Dear members,

Next meeting, Jan 21st, we will be talking about firewalls. I will send out a few emails using our mailing list system this week and next concerning firewalls, so that you will be prepared to talk and ask questions about this topic. If you have input, feel free to reply to these emails as they will go out to all members in the club. That way we all benefit.

So here we go:

Basically, a firewall is a barrier to keep destructive forces away from your property. In fact, that's why its called a firewall. Its job is similar to a physical firewall that keeps a fire from spreading from one area to the next.

If you have been using the Internet for any length of time, and especially if you work at a larger company and browse the Web while you are at work, you have probably heard the term firewall used. For example, you often hear people in companies say things like, "I can't use that site because they won't let it through the firewall."

If you have a fast Internet connection into your home (either a DSL connection or a cable modem), you may have found yourself hearing about firewalls for your home network as well. It turns out that a small home network has many of the same security issues that a large corporate network does. You can use a firewall to protect your home network and family from offensive Web sites and potential hackers.


What It Does

A firewall is simply a program or hardware device that filters the information coming through the Internet connection into your private network or computer system. If an incoming packet of information is flagged by the filters, it is not allowed through.

Firewalls use one or more of three methods to control traffic flowing in and out of the network:

    * Packet filtering - Packets (small chunks of data) are analyzed against a set of filters. Packets that make it through the filters are sent to the requesting system and all others are discarded.
    * Proxy service - Information from the Internet is retrieved by the firewall and then sent to the requesting system and vice versa.
    * Stateful inspection - A newer method that doesn't examine the contents of each packet but instead compares certain key parts of the packet to a database of trusted information. Information traveling from inside the firewall to the outside is monitored for specific defining characteristics, then incoming information is compared to these characteristics. If the comparison yields a reasonable match, the information is allowed through. Otherwise it is discarded.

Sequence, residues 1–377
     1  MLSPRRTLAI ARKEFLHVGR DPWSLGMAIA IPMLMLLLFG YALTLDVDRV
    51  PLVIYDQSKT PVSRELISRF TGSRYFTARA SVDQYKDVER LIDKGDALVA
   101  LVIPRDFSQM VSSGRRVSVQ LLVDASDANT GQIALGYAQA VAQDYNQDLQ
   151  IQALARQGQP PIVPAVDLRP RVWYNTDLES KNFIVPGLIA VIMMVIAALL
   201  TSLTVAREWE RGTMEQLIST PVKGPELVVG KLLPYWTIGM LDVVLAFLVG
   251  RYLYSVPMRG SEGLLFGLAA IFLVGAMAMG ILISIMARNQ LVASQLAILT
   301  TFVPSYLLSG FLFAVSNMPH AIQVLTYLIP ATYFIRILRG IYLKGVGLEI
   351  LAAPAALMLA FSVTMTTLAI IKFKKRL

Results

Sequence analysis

There are many creative ways that unscrupulous people use to access or abuse unprotected computers:

The level of security you establish will determine how many of these threats can be stopped by your firewall. The highest level of security would be to simply block everything. Obviously that defeats the purpose of having an Internet connection. But a common rule of thumb is to block everything, then begin to select what types of traffic you will allow. You can also restrict traffic that travels through the firewall so that only certain types of information, such as e-mail, can get through. This is a good rule for businesses that have an experienced network administrator that understands what the needs are and knows exactly what traffic to allow through. For most of us, it is probably better to work with the defaults provided by the firewall developer unless there is a specific reason to change it.

One of the best things about a firewall from a security standpoint is that it stops anyone on the outside from logging onto a computer in your private network. While this is a big deal for businesses, most home networks will probably not be threatened in this manner. Still, putting a firewall in place provides some peace of mind.

More later,

Chuck